Quotes Laughter

November 20th to 26th


Framlynghame Admiral village is a good two miles from the station, and I waked the holy calm of the evening every step of that way with shouts and yells, casting myself down in the flank of the good green hedge when I was too weak to stand. There was an inn,—a blessed inn with a thatched roof, and peonies in the garden,—and I ordered myself an upper chamber in which the Foresters held their courts, for the laughter was not all out of me.


This is from “My Sunday at Home“, collected in The Day’s Work (1896)

Thbe narrator has been on a train, and has accidentally disembarked  at a small station in the countryside. Through a misunderstanding a fellow passenger, a doctor, has administered a  powerful emetic to a gigantic navvy, a powerful man, who is violently sick.

The navvy, still feeling terrible, then  falls asleep, gripping the doctor by the coat with an iron grasp. To escape he  cius himself out of his exoensive overcoat.

When the navvy  awakes he goes beserk,and wrecks the station waiting-room. The narrator, weak with laughter, heads to the local pub to recover.

“Heavens!” said Jimmy, brushing himself down. “Who’s that real man with the real head?” and we hurried after them, for they were running unsteadily, squeaking like rabbits as they ran. We overtook them in a little nut wood half a mile up the road, where they had turned aside, and were rolling. So we rolled with them, and ceased not till we had arrived at the extremity of exhaustion.


This is from “The Puzzler”, cpllected in Actions and Reactions (1909).

The narrator drives across Sussex with his friend Penfentenyou, a colonial statesman, to track down a distinguished judge. Lord Lundie, at his weekend retreat. Penfentenyou needs to consult him on an important issue of policy. They happen on the judge, with two friends, scrutinising a fine ‘Monkey Puzzle’ tree, and speculating on whether it would actually puzzle a monkey.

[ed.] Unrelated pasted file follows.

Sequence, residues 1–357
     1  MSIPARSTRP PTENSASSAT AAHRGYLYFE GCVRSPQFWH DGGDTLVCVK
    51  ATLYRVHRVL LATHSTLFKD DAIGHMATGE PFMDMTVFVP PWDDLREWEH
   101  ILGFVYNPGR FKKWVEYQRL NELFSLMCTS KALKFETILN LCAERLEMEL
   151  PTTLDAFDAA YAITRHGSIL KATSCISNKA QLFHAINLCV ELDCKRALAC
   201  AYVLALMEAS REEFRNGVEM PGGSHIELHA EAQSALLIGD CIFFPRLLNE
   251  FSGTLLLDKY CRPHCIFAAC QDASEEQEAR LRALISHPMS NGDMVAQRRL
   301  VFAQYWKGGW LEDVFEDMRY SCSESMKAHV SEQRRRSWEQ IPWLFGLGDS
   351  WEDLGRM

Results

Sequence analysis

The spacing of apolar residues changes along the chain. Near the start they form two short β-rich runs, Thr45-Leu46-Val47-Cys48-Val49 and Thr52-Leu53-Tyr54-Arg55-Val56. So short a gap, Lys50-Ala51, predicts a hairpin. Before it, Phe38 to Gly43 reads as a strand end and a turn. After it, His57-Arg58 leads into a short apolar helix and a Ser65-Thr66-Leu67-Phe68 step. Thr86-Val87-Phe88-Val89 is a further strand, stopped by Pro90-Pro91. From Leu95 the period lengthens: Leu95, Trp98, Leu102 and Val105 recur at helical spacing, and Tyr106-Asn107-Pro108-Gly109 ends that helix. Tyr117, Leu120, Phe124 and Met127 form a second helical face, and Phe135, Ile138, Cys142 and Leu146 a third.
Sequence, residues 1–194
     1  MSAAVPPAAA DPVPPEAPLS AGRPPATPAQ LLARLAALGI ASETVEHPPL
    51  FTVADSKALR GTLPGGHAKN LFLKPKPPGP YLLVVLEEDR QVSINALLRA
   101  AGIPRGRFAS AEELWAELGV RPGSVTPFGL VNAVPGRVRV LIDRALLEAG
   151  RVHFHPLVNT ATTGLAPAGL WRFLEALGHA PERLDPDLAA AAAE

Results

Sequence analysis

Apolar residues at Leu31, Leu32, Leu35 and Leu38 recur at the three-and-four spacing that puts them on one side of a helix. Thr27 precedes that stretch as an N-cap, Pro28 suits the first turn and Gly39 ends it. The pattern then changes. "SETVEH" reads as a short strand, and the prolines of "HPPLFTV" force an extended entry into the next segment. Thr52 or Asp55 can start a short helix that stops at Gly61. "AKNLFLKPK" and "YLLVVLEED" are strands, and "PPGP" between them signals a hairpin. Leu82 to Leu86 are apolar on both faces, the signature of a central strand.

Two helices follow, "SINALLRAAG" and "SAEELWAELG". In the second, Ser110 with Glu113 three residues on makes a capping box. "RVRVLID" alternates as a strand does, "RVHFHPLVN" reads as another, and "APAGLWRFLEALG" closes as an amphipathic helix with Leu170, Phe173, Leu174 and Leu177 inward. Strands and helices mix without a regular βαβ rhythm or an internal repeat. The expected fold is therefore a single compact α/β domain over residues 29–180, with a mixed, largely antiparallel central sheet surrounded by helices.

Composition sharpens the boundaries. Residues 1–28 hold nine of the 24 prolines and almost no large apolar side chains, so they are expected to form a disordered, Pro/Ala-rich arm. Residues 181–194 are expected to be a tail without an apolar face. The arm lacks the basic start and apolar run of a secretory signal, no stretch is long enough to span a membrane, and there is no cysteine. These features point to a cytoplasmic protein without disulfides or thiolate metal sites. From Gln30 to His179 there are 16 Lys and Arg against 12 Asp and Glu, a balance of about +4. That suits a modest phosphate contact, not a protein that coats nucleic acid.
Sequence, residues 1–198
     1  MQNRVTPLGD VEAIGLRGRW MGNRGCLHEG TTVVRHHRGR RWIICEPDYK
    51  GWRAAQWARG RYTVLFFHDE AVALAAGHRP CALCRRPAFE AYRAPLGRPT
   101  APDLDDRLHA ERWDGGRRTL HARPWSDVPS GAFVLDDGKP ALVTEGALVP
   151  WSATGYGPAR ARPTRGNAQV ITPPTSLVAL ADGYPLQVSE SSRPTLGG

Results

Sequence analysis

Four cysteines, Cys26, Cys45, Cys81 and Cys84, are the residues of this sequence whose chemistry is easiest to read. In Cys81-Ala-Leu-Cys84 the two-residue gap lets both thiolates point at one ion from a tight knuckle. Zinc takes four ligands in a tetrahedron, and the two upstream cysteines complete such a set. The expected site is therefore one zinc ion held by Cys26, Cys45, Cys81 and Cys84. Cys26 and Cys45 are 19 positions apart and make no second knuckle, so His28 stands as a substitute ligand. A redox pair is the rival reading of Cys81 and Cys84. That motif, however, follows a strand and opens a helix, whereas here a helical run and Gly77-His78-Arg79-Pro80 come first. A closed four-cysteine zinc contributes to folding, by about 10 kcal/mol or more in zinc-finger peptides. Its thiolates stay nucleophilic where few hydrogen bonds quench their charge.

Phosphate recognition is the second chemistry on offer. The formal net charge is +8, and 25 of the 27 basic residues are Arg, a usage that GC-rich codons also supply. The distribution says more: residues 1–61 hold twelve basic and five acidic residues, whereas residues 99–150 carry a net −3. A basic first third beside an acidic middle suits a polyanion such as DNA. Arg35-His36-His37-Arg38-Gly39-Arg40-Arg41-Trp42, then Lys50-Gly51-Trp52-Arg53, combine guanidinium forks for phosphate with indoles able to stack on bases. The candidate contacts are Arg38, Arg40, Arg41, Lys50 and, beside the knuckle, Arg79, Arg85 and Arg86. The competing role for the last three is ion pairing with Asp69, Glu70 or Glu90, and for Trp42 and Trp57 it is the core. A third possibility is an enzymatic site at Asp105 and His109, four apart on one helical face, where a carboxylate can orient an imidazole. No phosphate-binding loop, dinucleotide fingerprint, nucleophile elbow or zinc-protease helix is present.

An Italian organ-grinder appears on the scene, and the three entice his monkey to try to climb the tree, but unfortunately it breaks into an empty house through the window. They rescue the monkey, but are caught – like naughty schoolboys – by the lady of the house, who is just moving in, and is furious. Penfentenyou, seeing that this is an emergency, saves the day by persuading her that the three have rescued her children from a dangerous beast.

The narrator and Penfentenyou, weak with laughter, introduce themselves to the delinquent three, and retire to the judge’s house. Soon Lord Lundie is pressing Penfentenyou’s case in the corridors of power, with great

Dressing was a slow process, because M‘Turk was obliged to dance when he heard that the musk basket was broken, and, moreover, Beetle retailed all King’s language with emendations and purple insets.

‘Shockin’!’ said Stalky, collapsing in a helpless welter of half-hitched trousers. ‘So dam’ bad, too, for innocent boys like us! …


This is from “Slaves of the Lamp (Part I) collected in Stalky & Co.” (1899).

Stalky, Turkey and Beetle feel oppressed and humiliated by their old enemy Mr King, the brilliant, sneering classics master, and decide to take revenge. They deliberately get themselves thrown out of their study, which is immediately above that of King. Stalky secretly stays behind, and when a local carrier comes by in the dark, rather drunk, Stalky fires stinging buckshot at him from a catapult.

He curses and swears, King raises the window to upbraid him, and the drunken carrier hurles jagged flints at him, wrecking his study.  Beetle, raking the study key down to King, had witnessed the whole affair. Here the three are rejoicing in a cunningly orchestrated victory.

In India some years later, Stalky, now an officer in the Indian Army,  uses a similar manoeuver to set two hostile enemy  tribes againmst each other, as told in Slaves of the Lamp (Part II)